Author and philosopher. From the description of Letter of Karl Marx, 1873. (Unknown). WorldCat record id: 79454371 Born 1818 in Trier, Prussia; studied at the University of Bonn, 1835-1836, and the University of Berlin, 1836-1841; contributor to and editor of the Cologne liberal democratic newspaper, the Rheinische Zeitung , 1842; following marriage to Jenny von Westphalen, moved to Paris, where he became a revolutionary and communist; co-editor, with Arnold Ruge, of a new r...
There are over ninety local leagues of the State League of Women Voters throughout New York State, these local leagues represent nearly all of the counties of the state. From the description of Local League Collection, 1972-current. (Unknown). WorldCat record id: 122519597 BIOGHIST REQUIRED The League was originally formed as an auxiliary to the National American Woman Suffrage Association. From the guide to the League of Women Voters of New York State Records, 1...
Kate Richards O'Hare was born on Mar. 26, 1876 to Andrew and Lucy Richards, Kansas farmers devastated by the depression of the 1870s. In 1895, Kate was introduced to socialism by Eugene Debs, and later met Mother Jones and other socialists in Kansas City, where she lived. Kate joined the Socialist Labor Party in 1899, which she left in 1901 to help found the Socialist Party of America. She married fellow socialist Frank P. O'Hare in 1902. A socialist leader, she spoke across America against WWI ...
Herbert Clark Hoover (b. August 10, 1874, Iowa-d. October 20, 1964), thirty-first president of the United States, was born in Iowa, and was orphaned as a child. A Quaker known from his childhood as "Bert" to his friends, he began a career as a mining engineer soon after graduating from Stanford University in 1895. Within twenty years he had used his engineering knowledge and business acumen to make a fortune as an independent mining consultant. In 1914 Hoover administered the American Relief Com...
Although classical, including Etruscan, collections had been donated to the University of Pennsylvania Museum since the early 1890's it was in 1896 that Dr. William Pepper as President of the Museum’s Board of Managers and Sara Yorke Stevenson as Secretary of the Museum and Mediterranean Section Curator formally authorized excavations in Italy and the acquisition of Etruscan tomb groups, as well as individual objects, for the Museum. Professor Arthur L. Frothingham of Princeton, the...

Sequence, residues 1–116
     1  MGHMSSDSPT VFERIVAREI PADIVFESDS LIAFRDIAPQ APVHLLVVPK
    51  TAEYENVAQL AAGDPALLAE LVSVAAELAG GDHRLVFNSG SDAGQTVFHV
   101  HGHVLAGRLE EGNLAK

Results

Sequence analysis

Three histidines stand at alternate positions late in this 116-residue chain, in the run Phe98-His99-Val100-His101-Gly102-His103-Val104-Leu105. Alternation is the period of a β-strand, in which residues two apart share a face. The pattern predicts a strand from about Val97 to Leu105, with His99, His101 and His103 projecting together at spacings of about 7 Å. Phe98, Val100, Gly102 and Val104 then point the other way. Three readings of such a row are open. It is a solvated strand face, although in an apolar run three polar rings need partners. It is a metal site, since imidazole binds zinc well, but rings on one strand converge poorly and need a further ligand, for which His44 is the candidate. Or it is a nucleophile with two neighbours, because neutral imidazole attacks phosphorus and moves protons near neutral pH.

Vilhjalmur Stefansson was born on November 3, 1879 in Arnes, Manitoba, Canada. He attended the University of North Dakota from 1897-1902. He was voted the best orator in 1900, and also worked for the school newspaper. In 1930 he was awarded an honorary Doctor of Laws degree, only the third such degree awarded. He then transferred to the University of Iowa and graduated in 1903 with a degree from the School of Liberal Arts. He next enrolled at Harvard, graduating with a Master of Arts degree in 1...
British socialist, author. From the description of Reminiscences of John Spargo : oral history, 1950. (Columbia University In the City of New York). WorldCat record id: 309739101 John Spargo was an author and social activist, perhaps best known for his exposé, The Bitter Cry of Children. Born in Cornwall, he apprenticed with a stonecutter and became a lay Methodist minister; he was also an active Socialist in England before emigrating to the United States in 1901, where he ...
Born in Zamość, Russian Poland 1871, died in Berlin 1919; socialist theorist, journalist and agitator; joined the revolutionary socialist group ÌI. Proletarjat' as a schoolgirl in Warsaw in 1887 and had to emigrate in 1889; studied sciences and economics in Zurich; cofounder of the Socjaldemokracja Królestwa Polskiego (i Litwy) (SDKP) in 1894, which she represented in the International Socialist Bureau (ISB) 1904-1914; participated in the Russian Revolution 1905/06; active in the Sozialdemok...